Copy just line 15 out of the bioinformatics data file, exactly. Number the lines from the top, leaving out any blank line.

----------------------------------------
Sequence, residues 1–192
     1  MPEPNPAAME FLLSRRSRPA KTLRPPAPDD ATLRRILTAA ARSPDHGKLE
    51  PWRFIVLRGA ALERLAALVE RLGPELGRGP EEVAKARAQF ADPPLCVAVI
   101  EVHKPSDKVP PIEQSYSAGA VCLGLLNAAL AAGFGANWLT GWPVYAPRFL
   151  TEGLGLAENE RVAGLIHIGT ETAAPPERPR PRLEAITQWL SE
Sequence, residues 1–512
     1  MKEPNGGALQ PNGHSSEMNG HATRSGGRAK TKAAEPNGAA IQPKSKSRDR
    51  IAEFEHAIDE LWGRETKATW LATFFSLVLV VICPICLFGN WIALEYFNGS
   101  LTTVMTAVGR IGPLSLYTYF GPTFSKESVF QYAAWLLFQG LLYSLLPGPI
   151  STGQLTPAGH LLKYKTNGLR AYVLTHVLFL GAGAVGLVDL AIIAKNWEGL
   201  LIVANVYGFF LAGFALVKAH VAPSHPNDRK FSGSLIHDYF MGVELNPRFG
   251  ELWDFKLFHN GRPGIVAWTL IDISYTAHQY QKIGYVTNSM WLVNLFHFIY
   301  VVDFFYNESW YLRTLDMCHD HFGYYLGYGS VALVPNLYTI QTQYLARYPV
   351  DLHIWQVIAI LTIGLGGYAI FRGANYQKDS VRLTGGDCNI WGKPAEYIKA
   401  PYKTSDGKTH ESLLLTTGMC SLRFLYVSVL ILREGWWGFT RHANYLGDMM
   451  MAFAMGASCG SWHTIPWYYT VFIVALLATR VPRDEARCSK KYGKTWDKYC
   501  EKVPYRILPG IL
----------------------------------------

   401  PYKTSDGKTH ESLLLTTGMC SLRFLYVSVL ILREGWWGFT RHANYLGDMM